On July 20, the Modi government faced its first no-confidence motion in Parliament. While the government easily won the vote with a comfortable majority, the debate left the government badly exposed. Even the voting pattern signalled an adverse realignment of forces for the Modi regime. The motion was moved by the TDP which was a major ally of the BJP till recently. Another long-standing NDA constituent, Shiv Sena, also chose to walk out, threatening to sever its ties with the NDA in the next elections. Of course, two parties that were not part of the NDA in 2014 – the JD(U) of Bihar and AIADMK of Tamil Nadu – are now with the BJP, but the latter knows it very well that both these parties are hugely discredited in their respective states and their real current electoral worth could be anybody’s guess.

Rahul Gandhi and a few other opposition speakers raised a number of important issues about the betrayal and non-performance of the regime, about the unabashed crony capitalism and exponentially increasing corruption and unemployment, about the deepening agrarian crisis and the ubiquitous lynch mobs. But the government had no answer to any of these specific issues. Taken aback by the unexpected Rahul Gandhi hug, Modi devoted much of his speech to the opposition and Rahul Gandhi, his hug and the subsequent wink, and even mimicking Sonia Gandhi’s accent, in what must be regarded as an all-time low in parliamentary debates.

Modi termed the no-confidence motion, a key instrument of debate for the opposition in a parliamentary democracy, an act of arrogance on the part of the opposition. He even prayed to God to give the opposition the strength to bring another no-confidence motion in 2024. To accuse the opposition of arrogance for doing its job of holding the government accountable is itself an unmistakable expression of arrogance. It is with this customary arrogance that Modi has never held a single press conference during his tenure so far nor has he bothered to attend and answer Parliament on important questions the country wanted an answer from him. In fact, more often than not he has bypassed the cabinet and used his own office as the sole decision-making authority even on disastrous experiments like demonetization.

The no-confidence motion debate happened in the shadow of a series of mob lynching episodes. In Hapur, the country had witnessed the most disturbing image of open partnership between the lynch mob and the police as farmer Mohammad Qasim was beaten to death while guarding his field and dragged along the road and stuffed in a police vehicle. In Medinipur in West Bengal, in a rally of the Prime Minister, we saw the mob beating up a policeman in uniform. And just a couple of days before the debate in Parliament, when the Supreme Court expressed grave concern over the growing incidence of lynching attacks and asked governments to stop lynching, we saw youth wing members of the ruling party beat up the octogenarian saffron clad Swami Agnivesh.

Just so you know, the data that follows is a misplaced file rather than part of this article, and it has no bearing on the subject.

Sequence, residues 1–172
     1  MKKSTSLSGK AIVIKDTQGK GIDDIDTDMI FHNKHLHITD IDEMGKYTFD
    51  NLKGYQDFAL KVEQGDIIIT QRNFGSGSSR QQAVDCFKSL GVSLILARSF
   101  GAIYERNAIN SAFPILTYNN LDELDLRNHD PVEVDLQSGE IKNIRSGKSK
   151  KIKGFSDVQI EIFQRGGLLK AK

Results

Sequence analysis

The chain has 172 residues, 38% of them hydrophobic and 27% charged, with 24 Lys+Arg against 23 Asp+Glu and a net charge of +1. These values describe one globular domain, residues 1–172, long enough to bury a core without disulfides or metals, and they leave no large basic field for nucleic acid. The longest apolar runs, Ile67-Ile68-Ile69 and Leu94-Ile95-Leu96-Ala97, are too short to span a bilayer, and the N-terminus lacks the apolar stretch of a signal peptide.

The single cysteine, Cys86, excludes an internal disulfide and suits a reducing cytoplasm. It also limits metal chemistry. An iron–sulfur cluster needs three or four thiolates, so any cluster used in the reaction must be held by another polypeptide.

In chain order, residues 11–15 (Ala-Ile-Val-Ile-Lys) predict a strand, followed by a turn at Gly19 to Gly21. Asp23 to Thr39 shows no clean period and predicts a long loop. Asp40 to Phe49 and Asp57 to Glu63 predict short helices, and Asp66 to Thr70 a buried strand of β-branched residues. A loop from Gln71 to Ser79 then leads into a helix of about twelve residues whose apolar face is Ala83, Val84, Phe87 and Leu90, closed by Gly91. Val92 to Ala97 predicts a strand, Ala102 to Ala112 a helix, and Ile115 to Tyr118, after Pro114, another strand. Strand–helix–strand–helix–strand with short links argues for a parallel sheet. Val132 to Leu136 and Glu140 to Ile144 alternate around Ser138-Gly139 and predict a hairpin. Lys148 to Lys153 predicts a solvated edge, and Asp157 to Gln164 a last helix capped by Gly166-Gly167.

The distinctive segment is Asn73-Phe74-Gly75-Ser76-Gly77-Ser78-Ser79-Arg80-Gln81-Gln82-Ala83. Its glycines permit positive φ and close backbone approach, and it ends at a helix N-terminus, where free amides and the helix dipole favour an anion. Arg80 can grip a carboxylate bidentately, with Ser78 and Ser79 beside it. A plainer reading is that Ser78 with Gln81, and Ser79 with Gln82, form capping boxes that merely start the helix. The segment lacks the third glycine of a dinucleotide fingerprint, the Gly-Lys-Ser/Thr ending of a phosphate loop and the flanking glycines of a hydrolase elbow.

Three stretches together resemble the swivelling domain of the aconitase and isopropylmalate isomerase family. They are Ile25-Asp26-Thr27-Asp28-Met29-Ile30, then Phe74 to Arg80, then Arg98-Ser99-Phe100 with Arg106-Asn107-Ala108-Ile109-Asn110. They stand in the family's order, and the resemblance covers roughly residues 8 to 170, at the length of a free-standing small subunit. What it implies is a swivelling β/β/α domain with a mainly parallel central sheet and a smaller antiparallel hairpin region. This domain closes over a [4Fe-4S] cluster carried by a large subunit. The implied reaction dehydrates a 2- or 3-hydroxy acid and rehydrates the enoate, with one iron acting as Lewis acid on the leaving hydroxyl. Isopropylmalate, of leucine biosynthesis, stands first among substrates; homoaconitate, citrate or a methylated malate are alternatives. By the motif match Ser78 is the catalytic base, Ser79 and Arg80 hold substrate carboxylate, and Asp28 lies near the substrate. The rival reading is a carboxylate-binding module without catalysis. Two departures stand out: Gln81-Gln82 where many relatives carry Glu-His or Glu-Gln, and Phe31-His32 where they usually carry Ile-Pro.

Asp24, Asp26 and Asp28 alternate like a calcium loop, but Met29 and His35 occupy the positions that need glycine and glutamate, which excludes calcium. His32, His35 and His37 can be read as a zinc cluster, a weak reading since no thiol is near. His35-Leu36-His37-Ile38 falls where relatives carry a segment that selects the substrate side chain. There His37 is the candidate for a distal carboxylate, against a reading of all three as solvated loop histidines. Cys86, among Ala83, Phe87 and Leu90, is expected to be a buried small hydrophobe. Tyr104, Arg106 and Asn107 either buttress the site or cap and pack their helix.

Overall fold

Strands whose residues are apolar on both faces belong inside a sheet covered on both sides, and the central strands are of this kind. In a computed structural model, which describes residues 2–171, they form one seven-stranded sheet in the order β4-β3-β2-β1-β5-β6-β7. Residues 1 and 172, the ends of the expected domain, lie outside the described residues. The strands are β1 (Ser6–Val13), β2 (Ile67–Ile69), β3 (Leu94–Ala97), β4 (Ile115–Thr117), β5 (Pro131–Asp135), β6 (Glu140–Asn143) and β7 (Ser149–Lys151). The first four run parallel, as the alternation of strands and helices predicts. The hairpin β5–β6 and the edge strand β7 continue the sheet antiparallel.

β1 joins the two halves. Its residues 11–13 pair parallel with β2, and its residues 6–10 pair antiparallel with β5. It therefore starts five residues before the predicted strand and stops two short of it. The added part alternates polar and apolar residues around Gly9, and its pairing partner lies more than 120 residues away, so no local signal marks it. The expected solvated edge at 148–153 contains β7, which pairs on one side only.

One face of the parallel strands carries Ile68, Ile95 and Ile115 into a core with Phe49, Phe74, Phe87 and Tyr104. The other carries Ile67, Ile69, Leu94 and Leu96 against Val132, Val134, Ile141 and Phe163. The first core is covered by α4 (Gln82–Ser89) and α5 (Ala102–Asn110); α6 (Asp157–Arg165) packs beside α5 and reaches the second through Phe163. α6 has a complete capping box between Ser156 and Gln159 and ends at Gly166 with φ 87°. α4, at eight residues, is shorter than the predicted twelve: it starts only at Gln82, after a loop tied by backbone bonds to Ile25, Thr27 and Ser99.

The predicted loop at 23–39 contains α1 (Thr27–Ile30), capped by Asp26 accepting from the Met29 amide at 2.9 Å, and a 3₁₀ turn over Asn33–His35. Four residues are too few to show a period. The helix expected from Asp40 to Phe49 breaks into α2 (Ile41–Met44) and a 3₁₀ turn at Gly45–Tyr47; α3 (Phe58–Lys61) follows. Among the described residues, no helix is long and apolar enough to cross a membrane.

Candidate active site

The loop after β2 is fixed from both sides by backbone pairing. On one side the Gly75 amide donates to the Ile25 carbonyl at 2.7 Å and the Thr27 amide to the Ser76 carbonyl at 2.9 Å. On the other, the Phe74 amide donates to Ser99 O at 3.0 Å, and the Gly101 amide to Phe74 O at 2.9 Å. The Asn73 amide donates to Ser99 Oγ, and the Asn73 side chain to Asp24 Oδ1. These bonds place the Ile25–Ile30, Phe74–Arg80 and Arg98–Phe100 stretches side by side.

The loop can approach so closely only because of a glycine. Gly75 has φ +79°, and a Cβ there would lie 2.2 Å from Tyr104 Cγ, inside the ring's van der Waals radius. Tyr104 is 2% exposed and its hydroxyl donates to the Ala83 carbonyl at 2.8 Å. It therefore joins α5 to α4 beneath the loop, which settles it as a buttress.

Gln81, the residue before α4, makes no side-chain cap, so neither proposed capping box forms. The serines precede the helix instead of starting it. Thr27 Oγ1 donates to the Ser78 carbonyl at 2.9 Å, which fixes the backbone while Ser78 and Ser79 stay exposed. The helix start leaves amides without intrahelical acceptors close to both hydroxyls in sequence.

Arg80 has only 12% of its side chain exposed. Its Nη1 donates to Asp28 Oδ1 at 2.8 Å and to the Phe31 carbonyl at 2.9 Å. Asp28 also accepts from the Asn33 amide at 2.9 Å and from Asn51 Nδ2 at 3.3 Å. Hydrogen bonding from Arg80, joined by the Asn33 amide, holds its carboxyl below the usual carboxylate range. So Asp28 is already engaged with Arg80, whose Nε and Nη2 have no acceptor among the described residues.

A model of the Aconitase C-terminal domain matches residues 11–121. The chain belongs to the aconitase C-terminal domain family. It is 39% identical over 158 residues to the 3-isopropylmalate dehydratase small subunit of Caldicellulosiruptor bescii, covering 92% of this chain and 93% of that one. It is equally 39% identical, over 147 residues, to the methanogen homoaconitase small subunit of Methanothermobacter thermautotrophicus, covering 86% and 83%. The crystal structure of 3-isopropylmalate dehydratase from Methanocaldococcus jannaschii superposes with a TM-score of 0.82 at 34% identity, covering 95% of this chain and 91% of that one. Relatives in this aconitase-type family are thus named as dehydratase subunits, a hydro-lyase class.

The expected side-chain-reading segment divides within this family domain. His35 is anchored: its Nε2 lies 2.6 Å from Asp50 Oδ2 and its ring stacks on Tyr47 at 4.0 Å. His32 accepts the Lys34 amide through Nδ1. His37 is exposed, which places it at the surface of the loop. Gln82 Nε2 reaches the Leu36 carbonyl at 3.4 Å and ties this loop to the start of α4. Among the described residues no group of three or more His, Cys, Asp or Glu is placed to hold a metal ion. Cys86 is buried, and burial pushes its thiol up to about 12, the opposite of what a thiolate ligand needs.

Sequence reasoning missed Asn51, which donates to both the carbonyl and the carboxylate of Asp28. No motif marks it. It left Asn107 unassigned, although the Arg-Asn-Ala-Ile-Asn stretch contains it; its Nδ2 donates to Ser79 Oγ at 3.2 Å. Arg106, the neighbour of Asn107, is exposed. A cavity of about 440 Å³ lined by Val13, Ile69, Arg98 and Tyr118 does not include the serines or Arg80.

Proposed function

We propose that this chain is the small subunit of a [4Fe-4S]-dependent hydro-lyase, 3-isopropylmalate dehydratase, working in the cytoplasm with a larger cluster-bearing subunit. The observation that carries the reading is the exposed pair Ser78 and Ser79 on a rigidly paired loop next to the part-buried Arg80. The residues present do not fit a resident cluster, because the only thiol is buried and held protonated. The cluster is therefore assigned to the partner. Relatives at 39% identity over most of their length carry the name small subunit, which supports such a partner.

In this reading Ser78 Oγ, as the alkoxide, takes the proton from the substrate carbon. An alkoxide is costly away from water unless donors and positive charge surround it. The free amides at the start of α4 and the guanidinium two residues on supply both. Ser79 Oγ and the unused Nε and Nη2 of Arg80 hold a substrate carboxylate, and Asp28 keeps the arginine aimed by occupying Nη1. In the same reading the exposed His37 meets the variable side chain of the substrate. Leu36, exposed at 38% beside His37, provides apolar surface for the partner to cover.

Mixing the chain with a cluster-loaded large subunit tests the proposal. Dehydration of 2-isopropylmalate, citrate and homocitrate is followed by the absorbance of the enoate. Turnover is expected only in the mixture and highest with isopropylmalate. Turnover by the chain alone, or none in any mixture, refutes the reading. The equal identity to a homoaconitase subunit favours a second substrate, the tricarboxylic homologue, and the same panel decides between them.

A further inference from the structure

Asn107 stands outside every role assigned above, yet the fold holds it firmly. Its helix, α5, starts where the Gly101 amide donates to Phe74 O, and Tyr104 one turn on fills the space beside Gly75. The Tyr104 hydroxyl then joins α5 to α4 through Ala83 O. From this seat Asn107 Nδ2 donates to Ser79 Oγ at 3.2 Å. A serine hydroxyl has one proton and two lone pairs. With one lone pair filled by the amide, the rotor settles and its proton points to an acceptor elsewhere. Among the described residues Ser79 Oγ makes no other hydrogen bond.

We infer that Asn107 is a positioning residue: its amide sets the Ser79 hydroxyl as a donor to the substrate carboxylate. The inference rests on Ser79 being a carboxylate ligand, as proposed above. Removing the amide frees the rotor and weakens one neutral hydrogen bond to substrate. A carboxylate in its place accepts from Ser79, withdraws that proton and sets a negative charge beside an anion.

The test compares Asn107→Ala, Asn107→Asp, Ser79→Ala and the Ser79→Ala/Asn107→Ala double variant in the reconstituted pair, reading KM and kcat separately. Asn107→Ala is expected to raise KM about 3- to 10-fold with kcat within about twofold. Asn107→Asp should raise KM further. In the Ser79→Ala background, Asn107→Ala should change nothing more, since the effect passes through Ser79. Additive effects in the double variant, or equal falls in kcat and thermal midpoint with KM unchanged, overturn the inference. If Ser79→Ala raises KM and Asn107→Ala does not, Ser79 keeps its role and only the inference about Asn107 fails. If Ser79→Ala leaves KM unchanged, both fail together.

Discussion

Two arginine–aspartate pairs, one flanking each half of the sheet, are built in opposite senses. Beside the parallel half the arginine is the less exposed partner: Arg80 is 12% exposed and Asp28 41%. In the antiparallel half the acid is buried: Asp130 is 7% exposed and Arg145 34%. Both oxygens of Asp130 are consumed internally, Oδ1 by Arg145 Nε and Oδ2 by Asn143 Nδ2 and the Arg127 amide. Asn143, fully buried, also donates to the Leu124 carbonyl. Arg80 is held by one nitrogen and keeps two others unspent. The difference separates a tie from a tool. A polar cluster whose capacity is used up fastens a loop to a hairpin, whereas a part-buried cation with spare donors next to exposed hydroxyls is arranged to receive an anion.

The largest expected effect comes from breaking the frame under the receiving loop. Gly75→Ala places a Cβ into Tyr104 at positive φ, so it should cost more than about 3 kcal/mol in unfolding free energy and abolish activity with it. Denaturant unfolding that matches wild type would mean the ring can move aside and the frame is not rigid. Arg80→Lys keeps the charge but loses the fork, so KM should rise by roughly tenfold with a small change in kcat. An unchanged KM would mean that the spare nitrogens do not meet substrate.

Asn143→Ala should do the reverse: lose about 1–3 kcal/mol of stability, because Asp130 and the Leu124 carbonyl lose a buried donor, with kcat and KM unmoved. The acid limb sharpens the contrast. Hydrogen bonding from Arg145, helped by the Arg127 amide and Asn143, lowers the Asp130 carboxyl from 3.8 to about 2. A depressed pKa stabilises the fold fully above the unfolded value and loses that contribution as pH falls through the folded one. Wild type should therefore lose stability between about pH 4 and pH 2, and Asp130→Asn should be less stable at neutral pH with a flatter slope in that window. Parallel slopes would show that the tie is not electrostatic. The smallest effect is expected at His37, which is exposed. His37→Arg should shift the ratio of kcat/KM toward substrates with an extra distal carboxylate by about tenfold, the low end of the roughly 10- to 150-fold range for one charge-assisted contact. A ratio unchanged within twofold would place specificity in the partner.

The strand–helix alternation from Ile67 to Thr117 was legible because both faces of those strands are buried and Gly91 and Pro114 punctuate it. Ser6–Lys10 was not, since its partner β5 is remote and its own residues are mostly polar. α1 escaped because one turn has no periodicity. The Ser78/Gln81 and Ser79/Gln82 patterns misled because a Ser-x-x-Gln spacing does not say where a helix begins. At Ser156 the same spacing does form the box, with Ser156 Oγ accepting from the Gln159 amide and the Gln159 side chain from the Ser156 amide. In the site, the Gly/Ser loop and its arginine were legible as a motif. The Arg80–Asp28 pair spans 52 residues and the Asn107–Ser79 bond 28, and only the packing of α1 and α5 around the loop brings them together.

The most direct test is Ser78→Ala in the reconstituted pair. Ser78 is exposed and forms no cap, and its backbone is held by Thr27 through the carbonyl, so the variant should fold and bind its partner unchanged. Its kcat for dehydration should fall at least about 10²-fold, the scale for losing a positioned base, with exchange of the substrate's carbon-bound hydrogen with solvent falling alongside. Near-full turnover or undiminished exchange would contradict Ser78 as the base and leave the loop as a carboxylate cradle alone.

If anything, India wanted an assurance from the powers against this descent of constitutional democracy into mobocracy. But what the country got was yet another loaded whataboutery from the Union Home Minister who reminded us that mob-lynching had been happening before and that the 1984 anti-Sikh pogrom was the biggest instance of mob lynching. Earlier we saw 1984 being bracketed with Gujarat 2002 and indeed both are instances of not just lynch mob violence but of a veritable state-sponsored genocide where till date we have got almost no justice. What we are witnessing now is an epidemic, a normalisation of mob lynching as a national sport being played out round the year across the country where any citizen could be encircled and killed on any pretext, with Muslims, Dalits, poor women and known dissenting voices being the softest and most lynchable targets. And this mob is not operating in a vacuum, it is operating with full assurance of impunity for we have a government that both facilitates and felicitates lynching.

What Rajnath Singh told Parliament did not convey any assurance to stop mob lynching, rather it amounted to a spine-chilling threat where we are just expected to keep counting the lynch victims till some statistical parity is achieved with 1984. No wonder, soon after the Parliament debate we had another brutal incident of lynching in BJP-ruled Rajasthan, with Modi Minister Meghwal describing the growing incidence of lynching cases as a reaction to Modi’s increasing popularity, apparently trying to suggest that the lynching cases are being blown out of proportion to defame Modi!

Reassuringly for India and Indian democracy, the people are not taking things lying down. Even as Parliament was debating the no-confidence motion, thousands of peasants from Punjab, Uttar Pradesh and Haryana passed their own no-confidence motion against the Modi government outside on Parliament Street, calling the bluff of Modi’s MSP grandiloquence. On the same day the workers of Delhi were also on strike, marching on the streets demanding minimum wages, confirmed jobs and social security. As the stage is set for the forthcoming electoral showdown, the country must get ready to deliver another 1977-type verdict to end the disaster called the Modi regime.